This is the first time they will be doing their own delivery. It helps them escape some of the strains put on companies by delivery services like Grub Hub, while giving work to more of their employees. It also helps the restaurant avoid any further impact from potential restrictions.

“Our dining room is already so small, we can only fit so many people in here safely with the current restrictions,” explained Alicia Sweet, co-owner of King Dough, “We are just trying to make ends meet, and keep everyone happy, healthy, and well-fed.”

The Sweets and Snacks convention just announced they will move from Chicago to Indy this spring. Many downtown businesses lean on convention-goers to support their businesses.

“It is a light at the end of the tunnel as far as bringing in more revenue into our city,” says Sweet.

Grim milestone. Indiana hit a grim milestone this week, surpassing 4,000 COVID-19 deaths.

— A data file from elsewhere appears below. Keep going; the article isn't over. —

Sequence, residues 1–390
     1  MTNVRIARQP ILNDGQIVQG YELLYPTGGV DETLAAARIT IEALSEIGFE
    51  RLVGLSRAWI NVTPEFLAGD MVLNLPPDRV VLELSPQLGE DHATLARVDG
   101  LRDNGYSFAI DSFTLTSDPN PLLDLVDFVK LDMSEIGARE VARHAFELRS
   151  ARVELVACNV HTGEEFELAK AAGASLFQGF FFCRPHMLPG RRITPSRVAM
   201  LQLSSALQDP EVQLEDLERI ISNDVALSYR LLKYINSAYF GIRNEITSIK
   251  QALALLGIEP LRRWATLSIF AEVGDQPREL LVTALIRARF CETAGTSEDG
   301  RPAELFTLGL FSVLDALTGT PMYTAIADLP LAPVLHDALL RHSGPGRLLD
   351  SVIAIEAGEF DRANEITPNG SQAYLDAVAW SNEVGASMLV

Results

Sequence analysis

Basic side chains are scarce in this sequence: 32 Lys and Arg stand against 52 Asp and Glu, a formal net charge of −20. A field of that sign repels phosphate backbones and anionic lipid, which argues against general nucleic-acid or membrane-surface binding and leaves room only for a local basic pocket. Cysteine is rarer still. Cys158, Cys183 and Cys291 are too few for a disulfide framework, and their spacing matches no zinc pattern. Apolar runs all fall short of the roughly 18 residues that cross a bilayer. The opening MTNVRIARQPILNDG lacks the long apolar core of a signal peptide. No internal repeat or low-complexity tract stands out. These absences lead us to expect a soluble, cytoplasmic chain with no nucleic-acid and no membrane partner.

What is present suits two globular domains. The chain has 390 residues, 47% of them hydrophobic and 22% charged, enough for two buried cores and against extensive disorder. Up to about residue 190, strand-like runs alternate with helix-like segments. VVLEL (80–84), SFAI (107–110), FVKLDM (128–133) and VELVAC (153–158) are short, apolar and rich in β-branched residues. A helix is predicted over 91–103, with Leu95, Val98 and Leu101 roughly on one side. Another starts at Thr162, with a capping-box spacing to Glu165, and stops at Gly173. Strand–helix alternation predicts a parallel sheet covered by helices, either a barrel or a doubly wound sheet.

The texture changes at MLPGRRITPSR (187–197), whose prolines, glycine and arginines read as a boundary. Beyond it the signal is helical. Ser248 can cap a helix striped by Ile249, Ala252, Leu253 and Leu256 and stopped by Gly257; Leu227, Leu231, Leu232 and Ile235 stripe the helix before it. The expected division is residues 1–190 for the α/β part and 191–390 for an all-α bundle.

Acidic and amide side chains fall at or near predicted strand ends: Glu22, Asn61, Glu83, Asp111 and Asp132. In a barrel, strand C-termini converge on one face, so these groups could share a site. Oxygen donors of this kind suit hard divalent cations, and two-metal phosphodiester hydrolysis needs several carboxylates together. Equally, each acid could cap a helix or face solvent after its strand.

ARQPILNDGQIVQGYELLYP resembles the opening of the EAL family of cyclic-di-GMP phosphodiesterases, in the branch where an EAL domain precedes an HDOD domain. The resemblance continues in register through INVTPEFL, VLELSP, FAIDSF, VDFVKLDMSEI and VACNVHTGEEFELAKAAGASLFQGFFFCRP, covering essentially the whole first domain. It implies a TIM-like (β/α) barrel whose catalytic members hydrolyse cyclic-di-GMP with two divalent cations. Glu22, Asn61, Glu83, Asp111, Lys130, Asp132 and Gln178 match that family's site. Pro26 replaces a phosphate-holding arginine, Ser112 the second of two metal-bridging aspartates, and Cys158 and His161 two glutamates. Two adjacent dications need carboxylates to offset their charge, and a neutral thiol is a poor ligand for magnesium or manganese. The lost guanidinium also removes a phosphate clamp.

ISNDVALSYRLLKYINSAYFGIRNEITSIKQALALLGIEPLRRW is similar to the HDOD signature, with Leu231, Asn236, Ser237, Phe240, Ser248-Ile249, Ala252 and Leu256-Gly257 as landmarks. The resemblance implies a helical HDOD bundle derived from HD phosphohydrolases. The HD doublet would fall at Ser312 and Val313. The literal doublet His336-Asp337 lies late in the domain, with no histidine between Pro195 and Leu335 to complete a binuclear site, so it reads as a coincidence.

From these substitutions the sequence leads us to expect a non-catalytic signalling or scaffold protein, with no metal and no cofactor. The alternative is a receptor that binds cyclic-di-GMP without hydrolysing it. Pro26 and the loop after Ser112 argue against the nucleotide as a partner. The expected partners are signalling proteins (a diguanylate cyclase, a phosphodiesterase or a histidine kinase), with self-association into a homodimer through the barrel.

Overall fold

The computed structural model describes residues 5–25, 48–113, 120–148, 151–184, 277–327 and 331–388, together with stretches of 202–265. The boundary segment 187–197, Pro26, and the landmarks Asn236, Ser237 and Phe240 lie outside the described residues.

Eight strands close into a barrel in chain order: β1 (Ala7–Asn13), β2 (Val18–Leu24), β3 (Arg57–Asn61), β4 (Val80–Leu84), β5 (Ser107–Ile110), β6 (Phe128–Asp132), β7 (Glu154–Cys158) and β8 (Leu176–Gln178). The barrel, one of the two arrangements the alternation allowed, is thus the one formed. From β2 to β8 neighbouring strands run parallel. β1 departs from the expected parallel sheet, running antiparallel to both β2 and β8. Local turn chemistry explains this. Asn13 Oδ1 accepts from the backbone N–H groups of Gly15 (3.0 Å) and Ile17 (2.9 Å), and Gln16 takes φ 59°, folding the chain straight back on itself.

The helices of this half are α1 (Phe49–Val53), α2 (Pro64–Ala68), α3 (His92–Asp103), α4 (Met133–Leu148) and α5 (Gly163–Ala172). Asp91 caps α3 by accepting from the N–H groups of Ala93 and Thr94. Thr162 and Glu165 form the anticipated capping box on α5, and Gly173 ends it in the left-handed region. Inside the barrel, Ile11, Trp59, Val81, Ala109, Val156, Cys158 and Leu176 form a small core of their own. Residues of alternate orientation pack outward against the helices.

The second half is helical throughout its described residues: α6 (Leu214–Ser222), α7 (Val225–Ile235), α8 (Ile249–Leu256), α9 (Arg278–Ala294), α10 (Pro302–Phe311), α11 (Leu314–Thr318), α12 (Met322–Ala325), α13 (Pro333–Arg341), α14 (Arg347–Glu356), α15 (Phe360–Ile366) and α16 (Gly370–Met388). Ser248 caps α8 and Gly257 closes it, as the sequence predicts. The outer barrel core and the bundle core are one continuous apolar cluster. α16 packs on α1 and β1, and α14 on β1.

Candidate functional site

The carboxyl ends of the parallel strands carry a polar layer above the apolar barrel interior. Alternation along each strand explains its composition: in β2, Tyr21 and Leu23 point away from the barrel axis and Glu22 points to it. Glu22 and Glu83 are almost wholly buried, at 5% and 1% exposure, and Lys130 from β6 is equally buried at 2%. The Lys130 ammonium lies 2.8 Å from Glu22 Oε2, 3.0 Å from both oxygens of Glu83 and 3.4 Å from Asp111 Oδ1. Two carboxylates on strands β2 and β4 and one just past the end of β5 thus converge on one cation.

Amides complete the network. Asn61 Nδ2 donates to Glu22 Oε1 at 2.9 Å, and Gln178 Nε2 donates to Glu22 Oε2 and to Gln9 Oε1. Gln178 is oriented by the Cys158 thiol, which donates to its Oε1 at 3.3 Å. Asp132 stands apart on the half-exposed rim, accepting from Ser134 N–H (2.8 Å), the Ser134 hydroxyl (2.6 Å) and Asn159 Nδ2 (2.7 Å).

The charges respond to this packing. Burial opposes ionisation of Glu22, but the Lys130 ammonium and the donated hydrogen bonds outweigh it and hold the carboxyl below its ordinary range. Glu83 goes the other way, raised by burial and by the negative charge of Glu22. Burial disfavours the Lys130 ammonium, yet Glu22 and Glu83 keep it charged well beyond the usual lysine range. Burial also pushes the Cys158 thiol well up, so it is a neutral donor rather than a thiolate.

The Indiana State Department of Health reported 33 additional deaths in its Thursday data. Deaths have been on the rise as coronavirus cases have increased across the state in recent weeks.

The total number of COVID-19 deaths in the state has reached 4,024. There are an additional 236 “probable” COVID-19 deaths, according to the department.

The state reported more than 3,000 total cases for the first time Thursday, with 3,649 cases. It was the highest single-day reporting total since the pandemic began, with those cases reported between Oct. 24 and Oct. 28.

More stringent measures? Tougher restrictive measures could be on the way in Marion County if the coronavirus pandemic continues to get worse.